If you read this blog consistently you are probably aware that both Peter and I are proponents of a “No Profession” game. But the truth is that a having “No Professions” generally means that most players end up designing a character that conforms to a common fantasy trope anyway. Whether that’s because players are guided by long held biases and profession models or that a balanced design forces players into basis archetypes (at least non, pure or semi) a no profession system almost always results in customized but identifiable classes without the need for “one-off” rules, talents, quirks or similar work-arounds. (For more thoughts on this check out my blog “No Professions Equals All Profession”.)
Many, many RM’ers love having lots of professions, but many of the Companion professions are only slight variations on the 1-2 dozen standards used. I’ve read lengthy argument about tiny variations in individual skills costs to justify the differentiation, but let’s be honest—do you really need different professions for a Knight, Barbarian, Duelist or Warrior? They are all just fighters aren’t they? A barbarian is just a fighter that wears less armor!!! That differentiation could best be done with equipment choices.
However, if you like the endless variations in professions than let’s talk about Channelers, and more specifically Clerics. RM paints a very broad brush with Clerics; they basically have the same vanilla powers set in DnD: protection, healing, creation and resurrection. Blah!!! Channeling Companion went a long way in addressing the need for differentiation in Clerical powers based on their specific Diety and added several new professions as well. In my view, the choice of God makes each pantheons clerics a unique profession. In fact, I see Animists/Druids as an extension of this viewpoint—they are Channelers of a “nature god”. Why Animists/Druids are singled out as a profession when Clerics of the God of Fire, or Lightning, or Trickery should be equally as valid makes little sense—unless you are stuck in the common profession tropes of DnD and standard RPGS.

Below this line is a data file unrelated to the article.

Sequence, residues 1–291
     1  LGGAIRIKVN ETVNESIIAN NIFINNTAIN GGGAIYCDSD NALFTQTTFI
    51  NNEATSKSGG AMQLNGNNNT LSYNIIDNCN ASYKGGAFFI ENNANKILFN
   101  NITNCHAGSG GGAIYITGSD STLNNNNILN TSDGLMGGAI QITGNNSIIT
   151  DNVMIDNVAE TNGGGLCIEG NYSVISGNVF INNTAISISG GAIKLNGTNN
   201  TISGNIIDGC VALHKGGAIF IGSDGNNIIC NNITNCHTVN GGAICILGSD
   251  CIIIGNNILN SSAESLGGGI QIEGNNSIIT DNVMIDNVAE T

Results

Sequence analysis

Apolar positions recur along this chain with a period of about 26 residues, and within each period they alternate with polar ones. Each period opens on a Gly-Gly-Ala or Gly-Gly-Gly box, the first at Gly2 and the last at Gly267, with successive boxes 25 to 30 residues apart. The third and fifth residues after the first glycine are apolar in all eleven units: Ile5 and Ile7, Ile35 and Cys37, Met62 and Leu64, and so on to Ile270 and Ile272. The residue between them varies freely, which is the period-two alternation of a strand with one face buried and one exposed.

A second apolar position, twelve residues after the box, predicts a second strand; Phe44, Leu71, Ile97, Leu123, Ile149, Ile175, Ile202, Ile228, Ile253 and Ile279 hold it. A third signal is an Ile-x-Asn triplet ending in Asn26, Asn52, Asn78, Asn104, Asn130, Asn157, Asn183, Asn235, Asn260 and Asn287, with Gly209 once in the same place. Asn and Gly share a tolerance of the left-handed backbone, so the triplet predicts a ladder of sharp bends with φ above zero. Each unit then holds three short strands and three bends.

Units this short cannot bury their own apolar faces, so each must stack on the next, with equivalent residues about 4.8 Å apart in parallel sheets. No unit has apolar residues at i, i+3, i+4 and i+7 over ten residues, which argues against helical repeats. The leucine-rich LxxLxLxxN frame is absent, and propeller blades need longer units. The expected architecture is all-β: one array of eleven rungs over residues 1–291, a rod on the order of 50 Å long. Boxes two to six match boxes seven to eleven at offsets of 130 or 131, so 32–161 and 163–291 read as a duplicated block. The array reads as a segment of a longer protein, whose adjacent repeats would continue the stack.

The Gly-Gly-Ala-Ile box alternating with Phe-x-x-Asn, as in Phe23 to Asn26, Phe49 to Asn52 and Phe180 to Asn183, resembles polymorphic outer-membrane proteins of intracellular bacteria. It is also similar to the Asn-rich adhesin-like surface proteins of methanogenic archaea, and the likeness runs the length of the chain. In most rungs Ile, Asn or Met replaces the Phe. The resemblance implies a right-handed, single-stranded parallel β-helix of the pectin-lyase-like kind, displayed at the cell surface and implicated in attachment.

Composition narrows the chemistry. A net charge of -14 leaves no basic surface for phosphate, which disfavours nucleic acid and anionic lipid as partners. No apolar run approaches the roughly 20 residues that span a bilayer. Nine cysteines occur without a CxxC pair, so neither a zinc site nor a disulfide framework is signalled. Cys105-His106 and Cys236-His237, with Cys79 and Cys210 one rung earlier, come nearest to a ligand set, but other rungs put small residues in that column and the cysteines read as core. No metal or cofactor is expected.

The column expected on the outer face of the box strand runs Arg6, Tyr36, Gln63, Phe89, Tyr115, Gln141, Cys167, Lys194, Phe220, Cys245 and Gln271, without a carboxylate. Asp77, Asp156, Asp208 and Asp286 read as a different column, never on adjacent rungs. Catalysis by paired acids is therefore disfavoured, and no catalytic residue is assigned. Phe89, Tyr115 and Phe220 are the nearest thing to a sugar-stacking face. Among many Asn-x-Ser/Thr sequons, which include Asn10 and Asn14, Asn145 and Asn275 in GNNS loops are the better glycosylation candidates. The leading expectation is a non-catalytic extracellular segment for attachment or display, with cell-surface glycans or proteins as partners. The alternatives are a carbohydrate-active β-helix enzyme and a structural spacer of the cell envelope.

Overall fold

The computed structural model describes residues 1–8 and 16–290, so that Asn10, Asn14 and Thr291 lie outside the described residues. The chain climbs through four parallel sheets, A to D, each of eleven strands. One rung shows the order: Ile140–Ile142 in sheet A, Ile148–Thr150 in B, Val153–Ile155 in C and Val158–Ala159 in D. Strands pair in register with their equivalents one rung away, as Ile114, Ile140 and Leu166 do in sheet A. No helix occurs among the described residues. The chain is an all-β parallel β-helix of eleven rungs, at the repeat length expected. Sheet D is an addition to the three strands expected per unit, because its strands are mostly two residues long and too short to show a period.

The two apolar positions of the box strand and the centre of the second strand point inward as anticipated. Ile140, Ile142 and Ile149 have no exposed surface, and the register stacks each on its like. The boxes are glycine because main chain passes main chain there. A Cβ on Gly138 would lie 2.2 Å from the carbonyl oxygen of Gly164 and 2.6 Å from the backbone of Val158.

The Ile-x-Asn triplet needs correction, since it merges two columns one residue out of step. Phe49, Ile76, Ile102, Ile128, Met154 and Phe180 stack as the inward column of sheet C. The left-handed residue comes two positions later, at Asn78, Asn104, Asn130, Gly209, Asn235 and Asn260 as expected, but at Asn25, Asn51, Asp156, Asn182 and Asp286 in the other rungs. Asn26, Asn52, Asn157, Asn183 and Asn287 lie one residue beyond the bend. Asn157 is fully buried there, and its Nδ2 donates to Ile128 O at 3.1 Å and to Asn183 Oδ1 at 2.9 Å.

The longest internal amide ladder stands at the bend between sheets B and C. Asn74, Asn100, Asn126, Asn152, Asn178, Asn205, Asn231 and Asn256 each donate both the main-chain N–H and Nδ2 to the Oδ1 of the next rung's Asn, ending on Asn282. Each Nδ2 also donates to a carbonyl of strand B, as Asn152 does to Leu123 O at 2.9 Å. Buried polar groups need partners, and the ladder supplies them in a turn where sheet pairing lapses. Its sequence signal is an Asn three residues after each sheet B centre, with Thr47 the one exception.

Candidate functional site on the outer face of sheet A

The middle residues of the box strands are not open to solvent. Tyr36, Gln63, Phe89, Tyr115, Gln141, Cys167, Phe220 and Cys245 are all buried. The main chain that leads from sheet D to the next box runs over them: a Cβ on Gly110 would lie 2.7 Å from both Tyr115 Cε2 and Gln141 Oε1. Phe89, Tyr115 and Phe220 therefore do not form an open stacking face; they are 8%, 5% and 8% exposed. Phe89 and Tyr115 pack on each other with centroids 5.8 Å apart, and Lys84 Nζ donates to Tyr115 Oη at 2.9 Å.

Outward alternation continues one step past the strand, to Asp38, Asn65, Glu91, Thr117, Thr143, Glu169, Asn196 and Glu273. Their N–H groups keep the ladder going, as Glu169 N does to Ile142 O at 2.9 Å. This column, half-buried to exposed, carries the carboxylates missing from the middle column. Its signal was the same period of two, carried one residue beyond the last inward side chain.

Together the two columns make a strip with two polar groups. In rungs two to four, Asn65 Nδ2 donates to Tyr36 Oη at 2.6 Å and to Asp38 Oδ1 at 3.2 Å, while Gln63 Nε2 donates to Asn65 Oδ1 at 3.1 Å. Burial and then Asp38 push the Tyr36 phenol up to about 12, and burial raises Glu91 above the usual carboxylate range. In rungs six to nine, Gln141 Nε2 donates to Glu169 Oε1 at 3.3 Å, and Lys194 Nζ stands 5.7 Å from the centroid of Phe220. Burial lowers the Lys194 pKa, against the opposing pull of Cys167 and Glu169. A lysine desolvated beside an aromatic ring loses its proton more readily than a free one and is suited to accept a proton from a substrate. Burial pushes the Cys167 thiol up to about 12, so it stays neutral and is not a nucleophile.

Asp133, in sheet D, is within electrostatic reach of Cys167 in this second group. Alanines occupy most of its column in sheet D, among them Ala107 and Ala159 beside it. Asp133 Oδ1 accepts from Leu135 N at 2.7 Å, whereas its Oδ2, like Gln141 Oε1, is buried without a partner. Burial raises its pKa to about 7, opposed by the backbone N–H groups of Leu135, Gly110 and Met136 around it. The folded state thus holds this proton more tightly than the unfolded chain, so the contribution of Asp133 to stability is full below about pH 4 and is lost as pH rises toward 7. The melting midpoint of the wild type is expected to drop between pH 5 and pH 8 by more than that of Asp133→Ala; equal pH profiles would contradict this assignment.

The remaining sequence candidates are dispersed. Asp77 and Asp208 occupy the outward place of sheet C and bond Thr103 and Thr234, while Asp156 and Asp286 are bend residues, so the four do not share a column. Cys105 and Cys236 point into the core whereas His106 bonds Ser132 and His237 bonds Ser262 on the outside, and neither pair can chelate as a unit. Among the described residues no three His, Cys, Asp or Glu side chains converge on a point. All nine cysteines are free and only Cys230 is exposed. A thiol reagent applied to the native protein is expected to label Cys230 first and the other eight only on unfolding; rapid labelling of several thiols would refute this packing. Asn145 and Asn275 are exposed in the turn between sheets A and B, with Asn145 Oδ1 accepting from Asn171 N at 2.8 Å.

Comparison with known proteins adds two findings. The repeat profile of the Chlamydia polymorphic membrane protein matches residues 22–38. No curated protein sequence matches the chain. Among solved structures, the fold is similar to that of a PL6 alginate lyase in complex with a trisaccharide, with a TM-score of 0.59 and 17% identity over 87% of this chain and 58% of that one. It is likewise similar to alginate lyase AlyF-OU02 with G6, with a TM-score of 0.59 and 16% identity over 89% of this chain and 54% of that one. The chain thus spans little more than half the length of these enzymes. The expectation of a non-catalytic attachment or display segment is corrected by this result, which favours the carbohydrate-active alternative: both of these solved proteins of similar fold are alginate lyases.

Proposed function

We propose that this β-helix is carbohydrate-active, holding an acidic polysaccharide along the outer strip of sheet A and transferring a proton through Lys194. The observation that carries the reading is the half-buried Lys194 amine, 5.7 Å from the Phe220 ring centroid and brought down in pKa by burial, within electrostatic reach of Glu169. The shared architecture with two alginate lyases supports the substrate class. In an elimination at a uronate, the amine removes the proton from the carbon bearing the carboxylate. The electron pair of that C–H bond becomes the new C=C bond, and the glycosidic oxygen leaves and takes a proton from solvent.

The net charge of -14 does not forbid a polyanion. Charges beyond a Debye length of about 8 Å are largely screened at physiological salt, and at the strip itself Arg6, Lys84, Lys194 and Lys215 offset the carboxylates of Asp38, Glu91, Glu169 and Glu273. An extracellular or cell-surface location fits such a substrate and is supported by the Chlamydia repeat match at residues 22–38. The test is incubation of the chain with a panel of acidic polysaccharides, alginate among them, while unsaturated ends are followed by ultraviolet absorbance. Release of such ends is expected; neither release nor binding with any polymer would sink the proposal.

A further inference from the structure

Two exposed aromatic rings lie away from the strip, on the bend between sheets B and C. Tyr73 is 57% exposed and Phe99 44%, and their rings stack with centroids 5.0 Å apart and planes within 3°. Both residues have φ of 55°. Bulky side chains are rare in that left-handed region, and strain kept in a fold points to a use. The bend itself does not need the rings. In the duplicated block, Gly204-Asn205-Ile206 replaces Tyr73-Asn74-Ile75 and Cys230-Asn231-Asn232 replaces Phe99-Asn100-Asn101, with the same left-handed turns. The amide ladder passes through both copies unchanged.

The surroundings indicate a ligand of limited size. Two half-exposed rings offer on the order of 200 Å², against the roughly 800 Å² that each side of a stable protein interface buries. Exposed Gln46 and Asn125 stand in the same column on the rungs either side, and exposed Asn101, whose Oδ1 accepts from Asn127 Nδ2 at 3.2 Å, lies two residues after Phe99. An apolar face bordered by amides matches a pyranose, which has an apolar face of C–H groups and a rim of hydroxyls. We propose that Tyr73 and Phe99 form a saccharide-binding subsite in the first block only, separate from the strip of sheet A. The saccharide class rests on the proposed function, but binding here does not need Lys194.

We play in Shadow World which as a very specific set of Gods. It’s common sense that a Priest’s training (spells and skills) will reflect the nature of their patron. Isn’t this the very definition of RM Professions? A “Battle-Priest of Z’taar” should be VERY different than a Cleric of Eissa. In our SW campaign, Clerics of differing religions rarely share the same spells—unlike RM RAW where most Clerics will have all the same Open, Closed and Base lists.
Because we designed our Shadow World Clerics with very specific spells and skills they basically create whole new professions. A quick look at a few of our Shadow World “Clerics” with basic tagline descriptions (you need an RM Forum membership to see or download the files):
Daughters of Inis: Assassins, seducers, dancers, Middle-Eastern, exotic, silk, razor sharp, beautiful, deadly, incense, jewelry. Spell List. RM Profession: Dervish, Dancer, Rogue, Assassin, Nightblade.
Under RAW RM, these should all be “Clerics” but as you can see they really are a variety of other professions or new professions. (The RM Professions noted are really just approximations). Does a player even need to be a “Cleric” to be a high servant of their God? Some of these could be considered Semi-Spell Users under normal RM rules. We don’t worry about it and I have the flexibility of coming up with any creative ideas for a NPC, organization or group without worrying about which profession it can or can’t be. Likewise my players can create any PC they want without being limited by an arbitrary profession system.
However, if you have Professions shouldn’t the Clerics of varying gods be given the same consideration as Fighter or Mage variations?